Oh, and yes, diesel is not only cheaper to buy at the pumps – it goes much further than petrol and does less harm to the environment.

The Cheque is in the Post

Tucked away quietly in some obscure sections of the Finance Acts over the past few years, the Government has introduced a 50 cent stamp duty on every cheque you write. In addition, your bank will then charge you a further transaction fee for every cheque you write. Overall then, writing each cheque could cost you an additional 75 cent. Consider paying your bills online instead.

Travel Insurance

Going on holidays? Travelling outside the country? Don’t be fooled by the Travel Insurance offered by your travel agent, booking website or airline. Not only will this kind of cover tend to be more expensive, usually the period of insurance is ring-fenced to the time you are actually away. Consider instead a Multi-Trip Travel Insurance policy offered by the VHI (€49 per individual or €95 for a family for a whole year); Allianz (€100 to €110 per family per year); AA Insurances (€100 to €110 per family per year).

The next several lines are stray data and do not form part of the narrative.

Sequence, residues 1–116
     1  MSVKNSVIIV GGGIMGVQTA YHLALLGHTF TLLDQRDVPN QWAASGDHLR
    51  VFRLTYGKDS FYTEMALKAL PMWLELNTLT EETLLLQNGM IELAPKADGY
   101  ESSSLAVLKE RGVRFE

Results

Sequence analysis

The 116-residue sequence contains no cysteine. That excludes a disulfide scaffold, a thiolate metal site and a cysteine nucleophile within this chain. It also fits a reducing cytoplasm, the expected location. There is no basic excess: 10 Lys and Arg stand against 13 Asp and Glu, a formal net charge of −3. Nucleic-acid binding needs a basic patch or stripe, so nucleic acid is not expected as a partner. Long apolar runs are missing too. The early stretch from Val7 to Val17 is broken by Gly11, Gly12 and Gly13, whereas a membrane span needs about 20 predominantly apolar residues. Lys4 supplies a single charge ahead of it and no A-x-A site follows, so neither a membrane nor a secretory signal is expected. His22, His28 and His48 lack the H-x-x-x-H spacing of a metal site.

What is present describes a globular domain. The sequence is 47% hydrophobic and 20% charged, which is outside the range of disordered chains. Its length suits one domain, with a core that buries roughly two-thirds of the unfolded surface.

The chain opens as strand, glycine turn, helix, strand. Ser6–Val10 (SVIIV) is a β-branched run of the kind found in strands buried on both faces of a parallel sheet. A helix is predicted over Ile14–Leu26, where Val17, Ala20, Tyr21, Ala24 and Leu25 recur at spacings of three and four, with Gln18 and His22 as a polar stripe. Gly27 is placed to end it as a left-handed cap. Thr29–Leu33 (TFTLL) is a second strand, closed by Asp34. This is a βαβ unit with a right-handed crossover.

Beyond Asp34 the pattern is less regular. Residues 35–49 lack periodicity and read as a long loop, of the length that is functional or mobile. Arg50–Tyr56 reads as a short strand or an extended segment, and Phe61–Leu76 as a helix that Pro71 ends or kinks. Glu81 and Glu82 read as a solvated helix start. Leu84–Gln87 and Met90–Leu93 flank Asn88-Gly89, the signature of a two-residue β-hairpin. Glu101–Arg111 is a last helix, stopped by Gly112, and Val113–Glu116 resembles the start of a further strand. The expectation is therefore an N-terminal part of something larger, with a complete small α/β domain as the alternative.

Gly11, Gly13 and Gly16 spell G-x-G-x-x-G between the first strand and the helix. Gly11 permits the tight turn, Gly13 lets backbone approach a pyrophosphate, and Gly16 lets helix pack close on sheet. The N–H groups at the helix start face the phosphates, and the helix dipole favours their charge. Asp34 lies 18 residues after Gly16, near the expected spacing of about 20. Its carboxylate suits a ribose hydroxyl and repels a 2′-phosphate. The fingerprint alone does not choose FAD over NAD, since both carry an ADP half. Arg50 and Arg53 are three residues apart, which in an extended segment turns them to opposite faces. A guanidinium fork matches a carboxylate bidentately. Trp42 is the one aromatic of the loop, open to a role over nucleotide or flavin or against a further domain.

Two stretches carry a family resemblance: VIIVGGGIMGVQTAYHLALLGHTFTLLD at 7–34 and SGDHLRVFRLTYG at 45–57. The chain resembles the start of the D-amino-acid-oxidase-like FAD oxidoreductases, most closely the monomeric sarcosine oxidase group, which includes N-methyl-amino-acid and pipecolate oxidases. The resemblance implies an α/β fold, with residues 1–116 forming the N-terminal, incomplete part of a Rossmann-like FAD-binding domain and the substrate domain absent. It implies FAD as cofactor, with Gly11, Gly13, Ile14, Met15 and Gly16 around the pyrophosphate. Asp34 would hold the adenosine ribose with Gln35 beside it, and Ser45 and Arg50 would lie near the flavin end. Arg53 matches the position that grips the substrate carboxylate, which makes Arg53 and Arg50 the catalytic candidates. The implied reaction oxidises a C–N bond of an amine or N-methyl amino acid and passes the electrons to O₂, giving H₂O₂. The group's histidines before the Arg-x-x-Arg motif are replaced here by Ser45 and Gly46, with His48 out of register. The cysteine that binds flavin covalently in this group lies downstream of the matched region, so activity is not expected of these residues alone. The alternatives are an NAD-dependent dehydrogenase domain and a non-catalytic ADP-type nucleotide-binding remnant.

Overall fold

Gifts and Inheritances

Thinking of making some large gifts to your family and relations or planning your will? Don’t forget to make clever use of the tax free thresholds – basically the bands free from tax where Gift/Inheritance Tax (Capital Acquisitions Tax) does not apply.

Currently, you can gift or leave €250,000 to each one of your children (including adopted children, step children and certain foster children); €33,208 to each grandchild, brother, sister, niece and nephew and €16,604 to each “stranger in blood” before they will have a penny to pay in tax.

Utilise Your Utilities – Consider the “Big Switch”

There is an ongoing price-war being waged amongst all your utility providers. For most of 2009 and 2010 Bord Gais and Airtricity were quoting prices to provide you with electricity that were on average 17% lower than the ESB; Vodafone O2 Meteor and 3 Mobile are engaged in a constant battle for our mobile phone affections and have you considered looking at charges for your waste removal or satellite TV service? A number of waste and recycling companies have revolutionised thinking about waste removal with the consumer benefitting. Look at those bills and shop around!